As we’re in the final days before MarketingSherpa Summit 2016, we thought it would be fitting to share the last Media Center interview from last year, covering a timely topic marketers were concerned about — Canada’s Anti-Spam Law.
With fines of up to $10 million per violation, Canada’s Anti-Spam Law (CASL) is among the world’s strictest anti-spam legislation and, naturally, it got attention. As a result, it’s too easy for marketers to feel overwhelmed by the new regulations, Shaun Brown, Partner, nNovation (an Ottawa-based law firm), said.
He discussed CASL with Courtney Eckerle, Managing Editor, MarketingSherpa, at Email Summit 2015.
“There are potentially huge penalties under the legislation. Every law firm is publishing information. You have bloggers, email marketers … everybody is talking about CASL. But not everything out there is necessarily factually correct,” he said. “And even then, we can’t always claim to know exactly how the law is going to apply in every circumstance.”
Consequently, some marketers have embraced CASL compliance. Others, not so much.
How do you create marketing that engages every member of your audience in every marketing channel? During MarketingSherpa Email Summit 2015, Jeannine D’Allegro, Global Digital Senior Vice President of Marketing, and her colleague Jacquelyn Kearns, Senior Vice President, both of Dun & Bradstreet, gave Courtney Eckerle, Managing Editor, MarketingSherpa, a brief overview of how their organization went about it.
Build the right team.
They identified operations personnel with the strongest email distribution expertise and digital marketing personnel with the strongest content-development experience, then united them on a single team. They brought together the intelligence to engage Dun & Bradstreet’s more than seven million email contacts with the right content at the right time in the right way.
Don’t wait for the perfect time or tool to end batch and blast emails and, instead, send prospects and customers relevant information now. That’s the word from Diana Primeau, Director of Membership Services, CBS Interactive, parent company of CNET, the world’s largest tech media source for news, reviews and downloads.
Primeau took time during Email Summit 2015 to discuss with Erin Hogg, Reporter, MarketingSherpa, why sending relevant emails is more critical than ever. “Our users have become very sophisticated. They don’t want to get every email that everybody gets,” she explained. “They expect to see things that are relevant to them so you really need to figure out a way to get started.”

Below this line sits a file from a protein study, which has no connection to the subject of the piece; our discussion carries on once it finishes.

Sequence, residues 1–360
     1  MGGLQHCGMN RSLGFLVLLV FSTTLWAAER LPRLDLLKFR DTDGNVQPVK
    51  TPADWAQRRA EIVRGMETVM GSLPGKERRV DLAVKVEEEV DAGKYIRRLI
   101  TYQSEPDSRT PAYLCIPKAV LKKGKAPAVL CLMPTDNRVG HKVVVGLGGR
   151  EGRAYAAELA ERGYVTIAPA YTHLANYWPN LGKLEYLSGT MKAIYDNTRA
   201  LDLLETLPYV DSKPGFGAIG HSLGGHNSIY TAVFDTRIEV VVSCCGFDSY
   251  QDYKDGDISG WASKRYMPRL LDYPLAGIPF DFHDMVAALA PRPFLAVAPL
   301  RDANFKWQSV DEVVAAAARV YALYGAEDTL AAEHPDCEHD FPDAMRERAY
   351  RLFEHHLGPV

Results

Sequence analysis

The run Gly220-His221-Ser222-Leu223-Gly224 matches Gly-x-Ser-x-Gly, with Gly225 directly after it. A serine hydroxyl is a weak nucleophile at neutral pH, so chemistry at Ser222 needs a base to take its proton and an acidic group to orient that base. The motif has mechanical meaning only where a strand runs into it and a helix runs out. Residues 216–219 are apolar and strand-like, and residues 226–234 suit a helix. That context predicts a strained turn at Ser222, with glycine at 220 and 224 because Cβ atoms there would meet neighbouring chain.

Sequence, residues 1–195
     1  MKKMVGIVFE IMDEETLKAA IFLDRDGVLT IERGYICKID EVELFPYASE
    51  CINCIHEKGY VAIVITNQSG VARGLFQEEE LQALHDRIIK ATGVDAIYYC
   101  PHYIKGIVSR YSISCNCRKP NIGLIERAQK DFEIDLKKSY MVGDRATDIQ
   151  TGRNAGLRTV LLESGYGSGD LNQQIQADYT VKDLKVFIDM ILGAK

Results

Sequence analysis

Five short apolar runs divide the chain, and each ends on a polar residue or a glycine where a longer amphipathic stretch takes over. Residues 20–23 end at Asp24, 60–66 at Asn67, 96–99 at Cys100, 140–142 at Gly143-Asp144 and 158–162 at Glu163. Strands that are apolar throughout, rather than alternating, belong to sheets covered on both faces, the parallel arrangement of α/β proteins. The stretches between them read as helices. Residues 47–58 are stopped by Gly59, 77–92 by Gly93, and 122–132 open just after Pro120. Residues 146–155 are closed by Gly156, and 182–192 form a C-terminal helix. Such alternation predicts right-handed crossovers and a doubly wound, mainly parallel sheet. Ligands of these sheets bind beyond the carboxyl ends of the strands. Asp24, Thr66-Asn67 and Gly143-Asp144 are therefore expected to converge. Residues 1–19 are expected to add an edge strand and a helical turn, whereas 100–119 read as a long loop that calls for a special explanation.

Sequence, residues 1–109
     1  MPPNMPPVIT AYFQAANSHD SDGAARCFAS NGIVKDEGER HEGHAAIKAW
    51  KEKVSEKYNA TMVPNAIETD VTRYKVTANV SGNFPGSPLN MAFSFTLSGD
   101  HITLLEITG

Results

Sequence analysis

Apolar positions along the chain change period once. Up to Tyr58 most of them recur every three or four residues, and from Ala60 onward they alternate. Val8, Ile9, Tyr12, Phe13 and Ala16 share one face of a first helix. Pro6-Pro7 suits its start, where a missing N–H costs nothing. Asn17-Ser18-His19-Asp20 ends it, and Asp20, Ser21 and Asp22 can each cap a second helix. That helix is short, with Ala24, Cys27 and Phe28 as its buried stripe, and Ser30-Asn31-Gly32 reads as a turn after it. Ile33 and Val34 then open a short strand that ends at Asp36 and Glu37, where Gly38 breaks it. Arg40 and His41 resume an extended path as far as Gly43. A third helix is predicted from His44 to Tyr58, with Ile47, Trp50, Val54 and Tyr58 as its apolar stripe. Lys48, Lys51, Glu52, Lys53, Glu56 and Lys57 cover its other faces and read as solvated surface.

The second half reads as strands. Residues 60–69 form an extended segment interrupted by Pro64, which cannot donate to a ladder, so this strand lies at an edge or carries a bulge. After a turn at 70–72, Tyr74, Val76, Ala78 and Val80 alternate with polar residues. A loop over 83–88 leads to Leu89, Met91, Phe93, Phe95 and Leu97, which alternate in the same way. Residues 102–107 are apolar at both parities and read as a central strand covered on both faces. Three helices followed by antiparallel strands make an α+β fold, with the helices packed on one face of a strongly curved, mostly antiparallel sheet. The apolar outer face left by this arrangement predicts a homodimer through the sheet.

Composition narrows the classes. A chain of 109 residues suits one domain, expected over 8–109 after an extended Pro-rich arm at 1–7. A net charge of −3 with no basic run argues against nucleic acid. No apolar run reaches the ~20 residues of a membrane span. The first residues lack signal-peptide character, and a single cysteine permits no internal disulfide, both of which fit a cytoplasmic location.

Publishers Clearing House is winning the real-time marketing game. Their online brand, PCH.com, currently gets 16 million unique visits per month, and those visitors spend an average of 17 minutes on the site. The marketing team achieved this by delivering a personalized message to every visitor on the site — messages that were designed to be relevant to what visitors were doing on the site.
At MarketingSherpa MarketingExperiments Web Optimization Summit 2014, Michael Zane, Senior Director of Online Marketing, Publishers Clearing House, revealed how, in just under a year, the marketing team has increased:
Time spent on their site by 43%
Overall engagement by 46%
Revenues per 1,000 visitors by 12%
They achieved this by:
1. Identifying two personas with very simple audience segmentation:
Engaged visitors — customers who had played one or more instant-win or sweepstakes games
Unengaged visitor — customers who had visited at least twice but had not yet played a game or entered a sweepstakes
2. Determining what they wanted visitors to do as a result of real-time marketing. This involved:
Engaging the unengaged
Driving the somewhat-engaged visitors to go deeper into the site
3. Testing to learn what will drive engagement. The team set a testing baseline by gathering data for six weeks